South America

The Aztecs would burn incense for religious purposes and used plant extracts for purification of the mind and soul, which was discovered by the conquistadors when they invaded in the 16th century.




Traditional & Natural Australian Remedies

Australia is home to some spectacular plant species and animals that are not found on any other continent in the world. The indigenous Australians had unrivaled knowledge of the land and the flora and fauna which grew from it. Their sophisticated understanding of the properties of particular plants and their uses were necessary for survival- particularly for medicinal purposes. Thousands of years later, people are still using natural medicines native to Australia in order to treat skin conditions, symptoms of colds and flu, viruses and infections. Most people would be familiar with quite a few of them.

Eucalyptus Oil

Gum Tree

Eucalyptus oil has been a notable treatment for the symptoms of coughs and colds for thousands of years. Aborigines would use the eucalyptus leaves to prevent infection in wounds and cuts, and people have been amazed by the antibacterial and anti-inflammatory properties of eucalyptus. Eucalyptus trees are now grown all over the world for their medicinal purposes.

Tea tree Oil

Many aboriginal tribes along the east coast of Australia have utilised tea tree oil to remedy sore throats, to avoid infection in wounds and for anti-viral means. In more recent times, tea tree oil has been validated as antibacterial and as an antiseptic. Essentially, it has countless uses which is why it has been considered as a significantly important medicine since ancient times. Due to the intensity of the plant, it is not meant for ingestion and can only be applied topically.

Witchetty grub


Witchetty grubs have been a traditional method to treat burns and wounds. A common use of the witchetty grub was to make it into a paste, spread it over the wound/burn and bandage it up for rapid repair. In addition, they have been eaten as food for the nutrition they provide.

Emu Bush

The genus of the plant is Eremophilia, and the leaves have been used by Aboriginal tribes in the Northern Territory to wash and cleanse sores and cuts. More research is being done in regards to its uses, but in Australia it is currently being considered to be applied during surgeries for the sterilisation of implants. This is due to the recent discovery of their antibacterial agents.

Emu Oil

Taken from the fats of emus, Emu Oil is a popular treatment for skin conditions such as eczema, psoriasis, dermatitis, and may assist in the movement of joints and decreasing arthritis pain. This is due to the potential anti-inflammatory properties as it contains fatty acids, and hence emu oil is often applied to decrease muscle pain. Emu oil may also be used to remove lines and wrinkles due to the moisturising properties. Of course, some argue whether it is ethical to source emu oil for medicinal purposes.

Gumby Gumby

The Gumby Gumby plant is controversial because of the claims that it treats cancer despite the lack of scientific research to validate those statements, and the warning that it could cause intense side-effects such as burning. Aside from this supposed miraculous remedy, the indigenous people of Australia regularly used it in many traditional medicinal applications for the purpose of treating coughs, colds and eczema.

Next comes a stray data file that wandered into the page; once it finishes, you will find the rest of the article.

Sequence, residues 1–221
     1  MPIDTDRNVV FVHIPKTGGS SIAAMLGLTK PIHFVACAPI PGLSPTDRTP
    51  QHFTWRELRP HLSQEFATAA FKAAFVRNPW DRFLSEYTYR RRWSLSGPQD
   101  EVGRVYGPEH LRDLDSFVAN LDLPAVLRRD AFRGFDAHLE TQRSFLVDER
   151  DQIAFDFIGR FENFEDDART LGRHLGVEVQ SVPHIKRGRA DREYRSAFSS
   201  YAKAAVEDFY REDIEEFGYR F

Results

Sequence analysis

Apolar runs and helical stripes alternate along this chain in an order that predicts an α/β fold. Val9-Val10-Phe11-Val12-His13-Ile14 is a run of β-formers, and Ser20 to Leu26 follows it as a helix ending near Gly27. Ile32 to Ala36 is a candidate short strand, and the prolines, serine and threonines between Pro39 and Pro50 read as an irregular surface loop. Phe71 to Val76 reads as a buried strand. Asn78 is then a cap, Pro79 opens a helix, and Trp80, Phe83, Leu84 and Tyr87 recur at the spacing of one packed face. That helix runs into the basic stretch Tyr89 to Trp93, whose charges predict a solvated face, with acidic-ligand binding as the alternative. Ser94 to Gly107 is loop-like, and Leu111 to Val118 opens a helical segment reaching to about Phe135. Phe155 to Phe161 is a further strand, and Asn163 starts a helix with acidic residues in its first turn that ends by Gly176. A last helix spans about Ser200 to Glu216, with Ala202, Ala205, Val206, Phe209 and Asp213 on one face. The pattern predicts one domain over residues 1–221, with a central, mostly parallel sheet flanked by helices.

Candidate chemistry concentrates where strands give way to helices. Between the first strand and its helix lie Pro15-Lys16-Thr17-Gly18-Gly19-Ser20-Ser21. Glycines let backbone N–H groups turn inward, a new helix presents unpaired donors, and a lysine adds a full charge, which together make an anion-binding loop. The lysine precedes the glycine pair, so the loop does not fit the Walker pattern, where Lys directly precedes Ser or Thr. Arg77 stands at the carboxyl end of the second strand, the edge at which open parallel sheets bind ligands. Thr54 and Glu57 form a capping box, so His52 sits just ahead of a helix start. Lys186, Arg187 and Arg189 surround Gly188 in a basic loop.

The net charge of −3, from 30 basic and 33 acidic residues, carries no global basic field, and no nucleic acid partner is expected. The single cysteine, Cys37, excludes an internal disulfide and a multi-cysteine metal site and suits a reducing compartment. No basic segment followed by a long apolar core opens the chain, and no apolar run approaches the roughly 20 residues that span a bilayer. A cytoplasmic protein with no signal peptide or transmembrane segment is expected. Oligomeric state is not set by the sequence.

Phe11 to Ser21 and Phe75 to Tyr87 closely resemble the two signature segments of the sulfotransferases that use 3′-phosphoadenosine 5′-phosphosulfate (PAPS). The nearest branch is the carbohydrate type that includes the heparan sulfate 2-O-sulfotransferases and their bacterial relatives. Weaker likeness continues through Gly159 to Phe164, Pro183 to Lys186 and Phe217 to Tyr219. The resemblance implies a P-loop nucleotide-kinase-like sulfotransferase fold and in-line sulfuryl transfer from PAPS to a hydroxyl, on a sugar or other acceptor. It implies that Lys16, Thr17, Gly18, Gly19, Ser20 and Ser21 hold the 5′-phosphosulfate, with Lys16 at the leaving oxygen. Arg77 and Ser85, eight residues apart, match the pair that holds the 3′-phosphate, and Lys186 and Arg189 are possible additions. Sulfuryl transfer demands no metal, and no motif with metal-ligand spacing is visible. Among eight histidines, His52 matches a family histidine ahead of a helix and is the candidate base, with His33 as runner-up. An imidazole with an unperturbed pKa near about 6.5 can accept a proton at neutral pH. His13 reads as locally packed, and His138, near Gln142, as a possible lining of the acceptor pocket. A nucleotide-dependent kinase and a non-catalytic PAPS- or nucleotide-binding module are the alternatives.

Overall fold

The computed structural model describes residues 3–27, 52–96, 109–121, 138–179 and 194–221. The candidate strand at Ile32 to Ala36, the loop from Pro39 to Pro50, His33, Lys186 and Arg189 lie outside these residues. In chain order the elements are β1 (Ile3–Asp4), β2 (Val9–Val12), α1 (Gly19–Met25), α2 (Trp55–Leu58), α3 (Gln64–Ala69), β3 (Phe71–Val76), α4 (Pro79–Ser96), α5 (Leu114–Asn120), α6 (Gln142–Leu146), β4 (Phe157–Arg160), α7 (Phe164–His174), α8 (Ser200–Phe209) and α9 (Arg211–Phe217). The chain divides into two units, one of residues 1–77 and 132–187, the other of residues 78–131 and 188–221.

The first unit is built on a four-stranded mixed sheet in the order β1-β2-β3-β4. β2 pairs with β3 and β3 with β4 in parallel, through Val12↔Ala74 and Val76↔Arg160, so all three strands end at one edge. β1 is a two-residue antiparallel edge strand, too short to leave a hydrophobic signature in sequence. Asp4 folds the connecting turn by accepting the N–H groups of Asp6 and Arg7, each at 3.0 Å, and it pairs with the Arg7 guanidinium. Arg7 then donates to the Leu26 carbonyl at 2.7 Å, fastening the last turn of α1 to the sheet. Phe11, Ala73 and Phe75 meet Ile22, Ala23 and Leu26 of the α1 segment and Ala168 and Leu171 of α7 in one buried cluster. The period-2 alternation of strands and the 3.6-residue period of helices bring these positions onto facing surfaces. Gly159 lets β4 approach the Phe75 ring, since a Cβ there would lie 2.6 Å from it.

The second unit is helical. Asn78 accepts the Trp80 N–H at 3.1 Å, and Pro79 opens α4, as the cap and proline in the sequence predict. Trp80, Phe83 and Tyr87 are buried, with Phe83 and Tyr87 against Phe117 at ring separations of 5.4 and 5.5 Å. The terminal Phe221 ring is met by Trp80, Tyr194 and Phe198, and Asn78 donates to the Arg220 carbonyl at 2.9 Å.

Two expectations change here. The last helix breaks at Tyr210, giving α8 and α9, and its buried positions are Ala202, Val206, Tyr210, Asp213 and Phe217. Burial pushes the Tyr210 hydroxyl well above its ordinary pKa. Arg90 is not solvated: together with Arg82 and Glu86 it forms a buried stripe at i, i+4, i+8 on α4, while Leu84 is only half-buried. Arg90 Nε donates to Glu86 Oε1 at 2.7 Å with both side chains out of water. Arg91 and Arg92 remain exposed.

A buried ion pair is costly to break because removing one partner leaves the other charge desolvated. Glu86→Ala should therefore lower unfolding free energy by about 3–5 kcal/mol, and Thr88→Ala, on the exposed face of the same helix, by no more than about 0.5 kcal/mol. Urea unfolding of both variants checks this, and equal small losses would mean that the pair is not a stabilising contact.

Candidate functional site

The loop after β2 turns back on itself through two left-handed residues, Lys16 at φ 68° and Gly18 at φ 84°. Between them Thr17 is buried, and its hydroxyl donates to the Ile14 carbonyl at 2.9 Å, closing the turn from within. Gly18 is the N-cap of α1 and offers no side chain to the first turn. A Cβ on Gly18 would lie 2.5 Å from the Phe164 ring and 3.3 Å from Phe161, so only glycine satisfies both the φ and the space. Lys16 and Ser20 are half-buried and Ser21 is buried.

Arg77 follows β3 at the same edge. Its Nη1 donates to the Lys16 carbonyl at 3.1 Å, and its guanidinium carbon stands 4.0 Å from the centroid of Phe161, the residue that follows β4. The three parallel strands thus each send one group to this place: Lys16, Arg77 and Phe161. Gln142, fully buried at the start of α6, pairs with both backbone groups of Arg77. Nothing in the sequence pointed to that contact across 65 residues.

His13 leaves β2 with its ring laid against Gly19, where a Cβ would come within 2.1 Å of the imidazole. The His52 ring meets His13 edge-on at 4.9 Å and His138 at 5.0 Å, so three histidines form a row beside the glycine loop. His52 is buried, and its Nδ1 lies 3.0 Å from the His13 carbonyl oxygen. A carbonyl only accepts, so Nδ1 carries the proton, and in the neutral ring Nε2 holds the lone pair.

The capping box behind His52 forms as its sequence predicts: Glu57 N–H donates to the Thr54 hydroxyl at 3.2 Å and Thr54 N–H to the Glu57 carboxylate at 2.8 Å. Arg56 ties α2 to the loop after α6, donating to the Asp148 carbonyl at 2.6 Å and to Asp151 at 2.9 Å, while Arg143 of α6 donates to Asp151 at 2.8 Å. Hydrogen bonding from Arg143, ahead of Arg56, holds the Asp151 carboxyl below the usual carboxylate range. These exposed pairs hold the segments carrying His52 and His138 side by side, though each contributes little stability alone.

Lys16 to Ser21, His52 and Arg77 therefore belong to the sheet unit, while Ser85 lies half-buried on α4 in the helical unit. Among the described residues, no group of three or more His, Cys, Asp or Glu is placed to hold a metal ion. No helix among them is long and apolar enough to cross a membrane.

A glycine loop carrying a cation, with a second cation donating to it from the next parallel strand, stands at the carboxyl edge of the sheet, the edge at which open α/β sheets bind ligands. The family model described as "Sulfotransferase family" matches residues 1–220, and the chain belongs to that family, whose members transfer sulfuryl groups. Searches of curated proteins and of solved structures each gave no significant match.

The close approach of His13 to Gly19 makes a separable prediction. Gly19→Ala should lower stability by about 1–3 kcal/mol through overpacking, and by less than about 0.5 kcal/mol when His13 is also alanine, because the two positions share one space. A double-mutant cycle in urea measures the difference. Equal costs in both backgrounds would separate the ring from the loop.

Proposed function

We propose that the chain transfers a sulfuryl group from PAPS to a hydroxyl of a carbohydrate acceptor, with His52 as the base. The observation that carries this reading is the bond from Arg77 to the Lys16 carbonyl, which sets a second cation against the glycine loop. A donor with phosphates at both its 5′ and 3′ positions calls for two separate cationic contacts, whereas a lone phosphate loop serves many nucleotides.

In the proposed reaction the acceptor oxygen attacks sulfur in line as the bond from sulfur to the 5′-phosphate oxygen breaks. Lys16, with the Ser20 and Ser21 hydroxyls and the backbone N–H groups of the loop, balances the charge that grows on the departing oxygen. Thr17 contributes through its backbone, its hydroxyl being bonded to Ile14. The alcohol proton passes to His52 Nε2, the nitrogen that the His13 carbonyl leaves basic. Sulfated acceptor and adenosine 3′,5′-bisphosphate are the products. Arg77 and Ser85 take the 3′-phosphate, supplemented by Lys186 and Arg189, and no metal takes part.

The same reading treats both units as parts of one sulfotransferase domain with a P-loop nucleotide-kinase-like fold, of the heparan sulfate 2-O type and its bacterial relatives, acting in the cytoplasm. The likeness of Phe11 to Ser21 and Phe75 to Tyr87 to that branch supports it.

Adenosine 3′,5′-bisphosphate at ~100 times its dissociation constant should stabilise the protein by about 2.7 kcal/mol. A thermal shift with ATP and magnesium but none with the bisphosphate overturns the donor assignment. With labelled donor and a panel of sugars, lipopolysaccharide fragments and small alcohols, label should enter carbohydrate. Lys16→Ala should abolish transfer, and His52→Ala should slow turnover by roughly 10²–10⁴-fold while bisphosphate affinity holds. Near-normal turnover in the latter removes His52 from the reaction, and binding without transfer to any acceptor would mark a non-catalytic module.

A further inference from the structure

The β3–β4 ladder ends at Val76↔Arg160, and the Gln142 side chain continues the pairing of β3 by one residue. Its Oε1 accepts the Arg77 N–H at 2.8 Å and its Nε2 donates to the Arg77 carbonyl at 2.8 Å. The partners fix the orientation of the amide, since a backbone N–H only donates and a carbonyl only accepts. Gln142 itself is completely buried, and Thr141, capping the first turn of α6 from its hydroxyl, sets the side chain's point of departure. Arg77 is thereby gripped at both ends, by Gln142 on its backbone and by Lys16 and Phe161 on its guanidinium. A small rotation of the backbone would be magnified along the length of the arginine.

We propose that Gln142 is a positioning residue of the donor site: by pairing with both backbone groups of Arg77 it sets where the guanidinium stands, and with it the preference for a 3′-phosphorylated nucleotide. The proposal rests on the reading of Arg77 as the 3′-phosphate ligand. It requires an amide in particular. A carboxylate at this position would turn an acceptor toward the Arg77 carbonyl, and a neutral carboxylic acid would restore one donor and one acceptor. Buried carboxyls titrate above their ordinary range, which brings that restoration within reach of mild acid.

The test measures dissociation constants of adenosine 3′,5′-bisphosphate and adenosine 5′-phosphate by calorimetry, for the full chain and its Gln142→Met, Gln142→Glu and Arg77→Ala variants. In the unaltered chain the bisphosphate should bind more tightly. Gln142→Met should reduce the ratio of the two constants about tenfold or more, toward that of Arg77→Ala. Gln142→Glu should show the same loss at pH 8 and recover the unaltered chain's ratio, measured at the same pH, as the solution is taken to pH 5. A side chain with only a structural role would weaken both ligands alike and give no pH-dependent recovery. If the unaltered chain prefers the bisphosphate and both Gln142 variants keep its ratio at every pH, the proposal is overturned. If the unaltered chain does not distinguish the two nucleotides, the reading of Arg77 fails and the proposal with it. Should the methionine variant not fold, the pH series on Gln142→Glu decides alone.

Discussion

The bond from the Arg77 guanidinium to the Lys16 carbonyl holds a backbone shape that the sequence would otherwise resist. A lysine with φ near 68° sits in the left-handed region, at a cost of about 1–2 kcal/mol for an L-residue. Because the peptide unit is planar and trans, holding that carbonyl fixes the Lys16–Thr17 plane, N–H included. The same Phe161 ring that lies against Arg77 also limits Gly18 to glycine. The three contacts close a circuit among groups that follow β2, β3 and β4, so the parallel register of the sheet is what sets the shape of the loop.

A Brief History of Aromatherapy


Although the term ‘aromatherapy’ was only coined in the 20th century, plant extracts have been used for medicinal, fragrant, spiritual and cosmetic purposes for thousands of years. To start from the beginning, there is evidence that the ancient Egyptians in 3500 BC used plant extracts from cedarwood, cinnamon, clove and myrrh for the purposes of embalming bodies, to use as ingredients in cosmetics and as perfume for men and women. The ancient Greeks took the Egyptians’ knowledge of plants and discovered that the extracts could be applied as an anti-inflammatory and to heal wounds, as discovered by Hippocrates who is acknowledged as the ‘Father of Medicine’. Consequently, the Romans gathered information from the Egyptians and Greeks to record the properties of approximately 500 plant species, including their individual medicinal benefits. Knowledge of plant properties continued to grow through-out the ages with the extraction of essential oils through distillation (first invented in Persia), and soon essential oils were recognised through-out most of the world.

Essential oils are still used for a variety of purposes, and more recently they have been identified as an aid to combat stress and anxiety. The power of scent is not something to be undermined, as our sense of smell is directly connected to the parts of the brain that process emotions and memory. This is why essential oils can have the ability to stimulate our moods and emotions, and even assist in improving concentration and sleep.

Specific types of essential oils contain properties that provide some benefit aside from providing a wonderful scent, like the eucalyptus oil which assists in nasal congestion and overcoming colds and flu. Lavender oil helps to relieve tension and is known as a relaxant. Peppermint oil increases mental awareness while lemon oil helps to achieve clarity of the mind. The list goes on. Because there are no negative effects associated with the inhalation and diffusion of essential oils, they have become a popular and natural method to emotionally, mentally and physically treat the mind and body. Some people apply essential oils directly on to their skin, but due to their purity and high concentration it can cause rashes and other skin problems. Hence it is always advised to dilute the oil with a carrier oil first before skin application, as no essential oil is safe to use on skin in its purest form.

So the ancient Egyptians, Greeks and Romans were on the right track when experimenting with plant extracts for medicinal purposes. Although pharmaceutical products later became the primary way of treating illness, wounds and disease, people continue to swear by the powerful medicinal properties of essential oils.